The Wolfe Tones frontman Brian Warfield has launched a vigorous defense of Sinn Féin politician David Cullinane who shouted "Up the Ra" after he was elected
The Wolfe Tones frontman Brian Warfield has likened the controversy surrounding Sinn Féin politician David Cullinane's "Up the Ra" comments with the controversy that surrounds the wearing of a British poppy.
In a series of tweets on February 12, Warfield said:
We don’t have to apologise for mentioning the IRA in a song or chant, I don’t hear anyone asking for an apology from those celebrating the British army by wearing a poppy to remember them. They were ruthless and we know of their tactics and collusion in Ireland, should we (1/3)— The Wolfe Tones 🇮🇪 (@wolfetones) February 12, 2020
or are we going to ban the poppy in Ireland ? should we ! We have our heroes they have theirs respect that. Rule Britannia or Land of hope and glory Rebel Jingoistic English songs I’ve no problem with them. I don’t hear anyone shouting Are they appropriate songs to sing in (2/3)— The Wolfe Tones 🇮🇪 (@wolfetones) February 12, 2020
public. give me a break. Tolerance is needed from all sides Up the Ra ... BW (3/3) pic.twitter.com/dwNoDmx8Eq— The Wolfe Tones 🇮🇪 (@wolfetones) February 12, 2020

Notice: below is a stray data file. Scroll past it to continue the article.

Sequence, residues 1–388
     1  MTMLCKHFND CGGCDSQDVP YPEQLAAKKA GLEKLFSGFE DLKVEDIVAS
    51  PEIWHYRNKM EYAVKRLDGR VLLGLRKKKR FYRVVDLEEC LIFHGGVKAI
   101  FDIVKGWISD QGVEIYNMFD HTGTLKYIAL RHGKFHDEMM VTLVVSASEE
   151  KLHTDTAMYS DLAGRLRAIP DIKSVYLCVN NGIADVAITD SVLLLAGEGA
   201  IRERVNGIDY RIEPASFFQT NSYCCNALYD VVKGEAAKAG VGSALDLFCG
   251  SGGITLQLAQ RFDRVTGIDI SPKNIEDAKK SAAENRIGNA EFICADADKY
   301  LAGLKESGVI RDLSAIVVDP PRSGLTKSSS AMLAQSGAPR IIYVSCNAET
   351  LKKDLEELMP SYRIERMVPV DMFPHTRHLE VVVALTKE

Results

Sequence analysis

Warfield is the singer for the decades-old Irish rebel music group The Wolfe Tones, whose rendition of 'Come Out Ye Black and Tans' briefly topped the UK and Ireland iTunes charts in January.
TD Cullinane's "Up the Ra" controversy
Sinn Féin's David Cullinane, a TD (Member of Parliament), was subject to criticism when he shouted pro-IRA remarks just hours after he was elected on February 9 in a landslide in his Waterford constituency, receiving an impressive 20,500 votes on the first count and securing his seat.
In a celebratory speech that night, Cullinane was filmed in a Waterford pub saying: “They didn’t break the hunger strikers, they didn’t break Bobby Sands and Kevin Lynch, they’ll never break us, they’ll never break Sinn Féin.”
He concluded his speech: "Up the Republic, Up the Ra and Tiocfaidh ár Lá" - a popular republican slogan which translates to "our day will come."
Here’s the longer video of David Cullinane of Sinn Fein. pic.twitter.com/NRYP1vk0dO— Niall O'Connor (@NI_ALLO) February 10, 2020
The following day, as video of Cullinane's speech began to circulate online, the Sinn Féin TD defended his comments, saying that they weren't about the present day but instead referenced the infamous IRA hunger strikes of the early 1980s.
“I’m never going to distance myself from the hunger strikers and from people who joined the IRA for all sorts of different reasons. That’s a legacy issue,” Cullinane said.